I have a healthy male Dwarf gourami but I have lost three females, all of which have wasted away. He doesn’t seem to be bullying them — they just seem to become skinny, stop eating and then hang about in one corner of the tank. I’m not inclined to try another, so will he be OK on his own — or should these fish really have a mate?
LYNN WOODS, EMAIL
Dwarf gouramis are an old aquarium favourite, and rightly so given the lovely colour displayed by the males. Native to India, Pakistan and Bangladesh, the fish seen in the hobby are largely commercially produced in Singapore. Sadly many of these fish are plagued by a nasty disease known as ‘Dwarf gourami iridovirus’, some of the symptoms of which are similar to those you describe seeing in the females you have lost. This disease is untreatable, but the fact that the male is unaffected could be down to a natural immunity.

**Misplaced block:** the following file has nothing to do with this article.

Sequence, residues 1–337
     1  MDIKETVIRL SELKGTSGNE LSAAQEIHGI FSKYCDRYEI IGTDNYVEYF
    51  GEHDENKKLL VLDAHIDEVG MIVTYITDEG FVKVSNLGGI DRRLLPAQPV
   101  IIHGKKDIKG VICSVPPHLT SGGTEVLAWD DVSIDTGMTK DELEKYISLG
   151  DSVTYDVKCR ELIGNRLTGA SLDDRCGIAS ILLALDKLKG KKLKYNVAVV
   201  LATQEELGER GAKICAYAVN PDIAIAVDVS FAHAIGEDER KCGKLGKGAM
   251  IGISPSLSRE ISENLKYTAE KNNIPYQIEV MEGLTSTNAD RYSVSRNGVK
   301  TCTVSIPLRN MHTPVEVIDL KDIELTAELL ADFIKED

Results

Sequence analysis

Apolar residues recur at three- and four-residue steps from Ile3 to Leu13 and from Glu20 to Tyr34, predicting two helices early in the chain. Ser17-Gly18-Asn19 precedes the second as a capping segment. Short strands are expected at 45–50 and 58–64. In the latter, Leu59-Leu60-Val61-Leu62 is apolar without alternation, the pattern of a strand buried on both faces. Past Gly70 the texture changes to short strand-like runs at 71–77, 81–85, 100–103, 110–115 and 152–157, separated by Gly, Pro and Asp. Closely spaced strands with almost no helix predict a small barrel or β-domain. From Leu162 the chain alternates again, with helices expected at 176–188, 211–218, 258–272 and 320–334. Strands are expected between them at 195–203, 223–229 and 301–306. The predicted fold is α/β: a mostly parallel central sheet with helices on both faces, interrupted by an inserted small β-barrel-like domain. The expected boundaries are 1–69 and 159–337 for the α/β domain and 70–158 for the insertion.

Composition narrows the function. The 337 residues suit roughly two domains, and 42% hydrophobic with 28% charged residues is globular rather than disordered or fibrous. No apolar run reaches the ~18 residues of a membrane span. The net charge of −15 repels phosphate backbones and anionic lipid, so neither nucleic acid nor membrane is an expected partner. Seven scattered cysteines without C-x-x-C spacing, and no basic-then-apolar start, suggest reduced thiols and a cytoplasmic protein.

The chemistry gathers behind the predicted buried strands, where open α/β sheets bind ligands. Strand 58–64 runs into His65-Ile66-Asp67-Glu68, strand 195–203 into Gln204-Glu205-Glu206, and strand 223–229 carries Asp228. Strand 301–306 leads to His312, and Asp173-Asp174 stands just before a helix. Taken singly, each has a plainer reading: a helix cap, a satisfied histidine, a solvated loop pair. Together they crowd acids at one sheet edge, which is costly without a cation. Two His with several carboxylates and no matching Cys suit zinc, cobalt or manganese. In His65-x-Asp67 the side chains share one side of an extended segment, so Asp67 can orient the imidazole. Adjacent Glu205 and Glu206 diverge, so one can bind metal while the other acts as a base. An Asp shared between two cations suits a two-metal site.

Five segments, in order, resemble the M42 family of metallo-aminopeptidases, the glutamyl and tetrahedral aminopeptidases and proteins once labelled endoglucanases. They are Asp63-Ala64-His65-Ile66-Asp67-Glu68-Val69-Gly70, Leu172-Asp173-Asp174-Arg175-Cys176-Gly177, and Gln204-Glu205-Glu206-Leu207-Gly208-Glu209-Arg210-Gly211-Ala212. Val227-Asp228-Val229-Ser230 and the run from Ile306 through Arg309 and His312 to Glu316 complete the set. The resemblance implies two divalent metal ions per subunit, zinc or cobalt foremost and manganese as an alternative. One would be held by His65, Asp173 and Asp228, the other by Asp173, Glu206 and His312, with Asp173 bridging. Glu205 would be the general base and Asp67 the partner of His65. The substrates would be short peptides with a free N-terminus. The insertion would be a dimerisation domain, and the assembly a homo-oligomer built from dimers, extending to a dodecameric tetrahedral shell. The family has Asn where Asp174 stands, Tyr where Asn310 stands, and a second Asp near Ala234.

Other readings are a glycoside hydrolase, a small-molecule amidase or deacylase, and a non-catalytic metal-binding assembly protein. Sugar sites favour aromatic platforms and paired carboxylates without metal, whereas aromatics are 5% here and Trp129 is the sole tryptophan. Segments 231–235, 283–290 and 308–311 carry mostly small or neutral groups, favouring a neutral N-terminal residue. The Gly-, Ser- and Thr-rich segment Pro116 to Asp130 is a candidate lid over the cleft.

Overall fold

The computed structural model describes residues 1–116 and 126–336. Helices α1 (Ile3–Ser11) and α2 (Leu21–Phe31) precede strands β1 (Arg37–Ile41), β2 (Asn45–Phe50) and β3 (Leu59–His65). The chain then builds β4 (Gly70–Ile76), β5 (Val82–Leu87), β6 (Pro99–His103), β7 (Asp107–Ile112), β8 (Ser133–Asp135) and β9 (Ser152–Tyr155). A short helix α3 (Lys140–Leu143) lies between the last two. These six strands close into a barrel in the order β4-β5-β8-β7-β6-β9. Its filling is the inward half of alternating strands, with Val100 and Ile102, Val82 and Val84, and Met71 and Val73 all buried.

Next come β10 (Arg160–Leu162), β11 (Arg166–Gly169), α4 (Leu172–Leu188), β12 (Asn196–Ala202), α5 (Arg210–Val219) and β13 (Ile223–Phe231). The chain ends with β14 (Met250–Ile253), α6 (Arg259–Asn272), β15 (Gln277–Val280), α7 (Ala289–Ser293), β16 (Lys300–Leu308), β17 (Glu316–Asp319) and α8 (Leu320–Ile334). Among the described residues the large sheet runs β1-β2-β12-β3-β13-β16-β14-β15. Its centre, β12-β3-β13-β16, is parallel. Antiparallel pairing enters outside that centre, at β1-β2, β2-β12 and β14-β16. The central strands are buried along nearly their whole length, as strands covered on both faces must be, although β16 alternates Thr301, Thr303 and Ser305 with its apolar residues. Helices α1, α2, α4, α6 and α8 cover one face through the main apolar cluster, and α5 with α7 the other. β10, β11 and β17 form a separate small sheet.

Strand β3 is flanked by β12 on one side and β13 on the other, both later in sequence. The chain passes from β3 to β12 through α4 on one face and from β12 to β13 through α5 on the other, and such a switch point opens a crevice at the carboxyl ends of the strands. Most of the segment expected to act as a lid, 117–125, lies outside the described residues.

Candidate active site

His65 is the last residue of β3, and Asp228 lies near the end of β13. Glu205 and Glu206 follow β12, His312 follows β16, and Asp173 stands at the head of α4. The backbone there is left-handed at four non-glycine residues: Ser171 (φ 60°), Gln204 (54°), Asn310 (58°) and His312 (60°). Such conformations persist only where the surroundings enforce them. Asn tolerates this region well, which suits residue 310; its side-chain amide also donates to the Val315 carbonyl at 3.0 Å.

However, the males of this species are also well known for bullying and pestering females, especially if the tank is too small or doesn’t offer enough cover in the form of dense vegetation.
Lush floating plants are ideal for this, allowing females to hide away from the male’s unwanted attentions. As you have already lost three females it seems to me that even though you haven’t noticed any bullying it is still the most likely cause of their demise. A well-established healthy male will see each new female as a potential mate and immediately begin trying to impress her, regardless of her condition.
This probably means the new fish have no time to settle in and feed up and simply fade away.
My advice is to keep the male by himself. He won’t suffer from being kept alone and you’ll be able to enjoy his gorgeous colouration without worrying about a harassed and sickly female.